DAaA – 10/17-19

Three Samuria on Horseback by Bobby Chiu
Chiu lives and works in Toronto, Canada. Chiu has worked for
Warner Bros, Disney, & on Star Wars toy lines. He currently works as
an illustrator, an online instructor, and publishes art books.

How do we Represent Ourselves?

For this six weeks, we’ll be primarily using Photoshop. In the new version of Photoshop CS6, Video has been added to its capabilities (albeit it was already available in previous versions if you had the extended version). They also made a lot of upgrades to what you can do with video in PS. Photoshop, most of the time, however is not used for video, and what you can do with it has a very broad range of applications.

Learn More About Photoshop
Adobe’s CS6 Photoshop Extended

Current Work

Continuing Work with Portraiture

Check out the Adobe Artist Spotlight on Tolleson. In this video, the Tolleson design company created, and contracted other artists, to help create personified images of the Adobe Products for the CS6 release. This isn’t too different from what I want you to do. See a different video about it on Tolleson’s Website. There’s a lot on the page, including another video at the bottom of the page.

Today we’ll play with distorting images. We’ll play with image distortions and adjustments to create something somewhat akin to artist Andy Warhol‘s widely known Marilyn Monroe screen prints. For your own, I want each picture to represent a feeling or emotion. You can see my example below.

antiquated – concerned
pressured – angry

Not exactly Warhol, but amusing.

Andy Warhol also created a lot of self-portraits (although most of them were NOT multiple screen prints in different colors, unlike his Monroe works), some with very high prices. Do this, but with a distorted photo of yourself (use the distortion filters in Photobooth).

First things first:

The guide here is done with a free stock photo, but you’ll just be using a distorted image of yourself.

 Giving credit to where credit is due:

Roberts, Torli. "Stock.xchng - Red Panda (stock Photo by Torli)." 
Stock.xchng - the Leading Free Stock Photography Site. HAAP Media Ltd,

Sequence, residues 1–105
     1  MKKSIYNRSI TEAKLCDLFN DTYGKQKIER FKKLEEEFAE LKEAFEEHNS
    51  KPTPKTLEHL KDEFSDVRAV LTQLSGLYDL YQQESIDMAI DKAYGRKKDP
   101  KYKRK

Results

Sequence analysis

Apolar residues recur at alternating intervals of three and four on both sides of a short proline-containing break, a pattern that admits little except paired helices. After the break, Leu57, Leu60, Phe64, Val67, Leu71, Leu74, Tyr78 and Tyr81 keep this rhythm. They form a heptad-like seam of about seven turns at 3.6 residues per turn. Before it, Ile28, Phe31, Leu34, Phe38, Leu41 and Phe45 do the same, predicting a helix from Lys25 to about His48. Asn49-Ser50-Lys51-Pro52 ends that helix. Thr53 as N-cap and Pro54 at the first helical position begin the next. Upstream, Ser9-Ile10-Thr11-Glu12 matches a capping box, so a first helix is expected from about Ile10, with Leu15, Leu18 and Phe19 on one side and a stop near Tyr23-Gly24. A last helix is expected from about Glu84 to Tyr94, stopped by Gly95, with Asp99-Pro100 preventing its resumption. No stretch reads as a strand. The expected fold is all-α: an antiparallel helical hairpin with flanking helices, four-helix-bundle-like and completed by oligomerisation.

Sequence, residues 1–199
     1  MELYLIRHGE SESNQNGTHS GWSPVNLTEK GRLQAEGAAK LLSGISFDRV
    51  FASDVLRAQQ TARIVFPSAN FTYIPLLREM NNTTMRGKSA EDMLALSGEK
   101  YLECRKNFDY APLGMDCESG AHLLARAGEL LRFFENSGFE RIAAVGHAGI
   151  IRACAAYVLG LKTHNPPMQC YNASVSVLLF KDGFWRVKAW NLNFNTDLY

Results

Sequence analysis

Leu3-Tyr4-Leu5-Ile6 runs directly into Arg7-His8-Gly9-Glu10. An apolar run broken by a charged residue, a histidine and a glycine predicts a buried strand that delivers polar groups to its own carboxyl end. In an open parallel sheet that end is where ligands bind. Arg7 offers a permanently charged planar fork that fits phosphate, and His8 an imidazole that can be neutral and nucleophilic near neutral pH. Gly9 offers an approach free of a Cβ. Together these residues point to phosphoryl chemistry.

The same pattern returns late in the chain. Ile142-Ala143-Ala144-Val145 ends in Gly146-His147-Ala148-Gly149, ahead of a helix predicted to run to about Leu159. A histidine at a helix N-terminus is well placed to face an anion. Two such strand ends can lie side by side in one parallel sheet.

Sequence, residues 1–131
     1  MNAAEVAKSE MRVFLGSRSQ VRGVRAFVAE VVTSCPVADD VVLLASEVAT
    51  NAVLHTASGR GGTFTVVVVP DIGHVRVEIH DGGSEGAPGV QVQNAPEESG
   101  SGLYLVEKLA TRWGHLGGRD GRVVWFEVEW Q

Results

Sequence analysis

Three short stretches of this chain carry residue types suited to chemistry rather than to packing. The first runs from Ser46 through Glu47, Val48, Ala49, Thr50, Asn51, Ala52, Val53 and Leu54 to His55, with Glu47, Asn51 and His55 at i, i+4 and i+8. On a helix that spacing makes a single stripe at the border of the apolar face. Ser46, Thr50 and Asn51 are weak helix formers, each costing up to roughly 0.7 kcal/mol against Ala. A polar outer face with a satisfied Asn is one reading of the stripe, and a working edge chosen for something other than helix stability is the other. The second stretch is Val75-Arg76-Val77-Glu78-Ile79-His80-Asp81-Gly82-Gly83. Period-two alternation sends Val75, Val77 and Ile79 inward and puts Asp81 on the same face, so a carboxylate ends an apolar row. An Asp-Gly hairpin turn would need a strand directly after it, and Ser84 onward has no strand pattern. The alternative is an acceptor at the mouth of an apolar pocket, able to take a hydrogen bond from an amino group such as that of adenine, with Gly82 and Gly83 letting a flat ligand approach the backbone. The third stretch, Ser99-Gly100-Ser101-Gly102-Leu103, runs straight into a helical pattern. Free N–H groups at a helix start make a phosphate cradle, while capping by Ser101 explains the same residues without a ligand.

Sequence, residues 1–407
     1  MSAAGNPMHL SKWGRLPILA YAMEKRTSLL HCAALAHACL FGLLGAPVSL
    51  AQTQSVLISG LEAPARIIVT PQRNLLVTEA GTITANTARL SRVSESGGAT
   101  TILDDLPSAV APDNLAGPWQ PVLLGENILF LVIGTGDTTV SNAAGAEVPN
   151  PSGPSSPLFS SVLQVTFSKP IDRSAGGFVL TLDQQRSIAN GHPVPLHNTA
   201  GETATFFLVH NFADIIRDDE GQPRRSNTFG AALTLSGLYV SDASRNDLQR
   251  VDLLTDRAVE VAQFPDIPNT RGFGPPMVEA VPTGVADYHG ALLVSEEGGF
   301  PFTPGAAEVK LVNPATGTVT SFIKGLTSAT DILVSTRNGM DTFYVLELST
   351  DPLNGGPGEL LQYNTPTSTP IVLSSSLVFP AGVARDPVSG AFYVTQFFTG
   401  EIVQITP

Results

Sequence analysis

a Subsidiary of Getty Images, 25 July 2006. Web. 08 Nov. 2011.
We’re going to turn him into a pop-esque art styled piece. Once you take a photo you like, save it to your desktop. You can take multiples if you so choose.Second: Right click on the photo and click open with > Adobe Photoshop CS6 Third: Your photo is probably bigger than we want it. I decided to crop mine into a square, as I felt it’d work better that way. Use the Rectangular Marque Tool in your Tools Window. we’re going to use it to select the part we want to keep. With Marque Tool selected, click and hold down where ever you want the top left of your picture to begin. While still holding down on your mouse clicker, drag the Marque Tool down to where you want the bottom right corner of your photo to be. If you hold the shift key as you do this, Photoshop will keep the proportions of your selection as a perfect square.If you are happy with your selection, in the overhead menu at the top of your screen, click Image, then click Crop within the drop down menu. If you aren’t happy with your selection, you can try again. To get cancel your current selection, in the overhead menu at the top of your screen click Select, then Deselect in the drop down menu (the hotkey for this is command + d).Forth: Despite this, your photo may still be too big to work with easily. To print something professionally at high quality, you need big files. However, since we’re just going to be uploading this to our blog lets make it smaller and easier to work with. At the very top of your screen, click Image and then Image Size from the drop down menu. Lets make it around 250 x 250 pixels.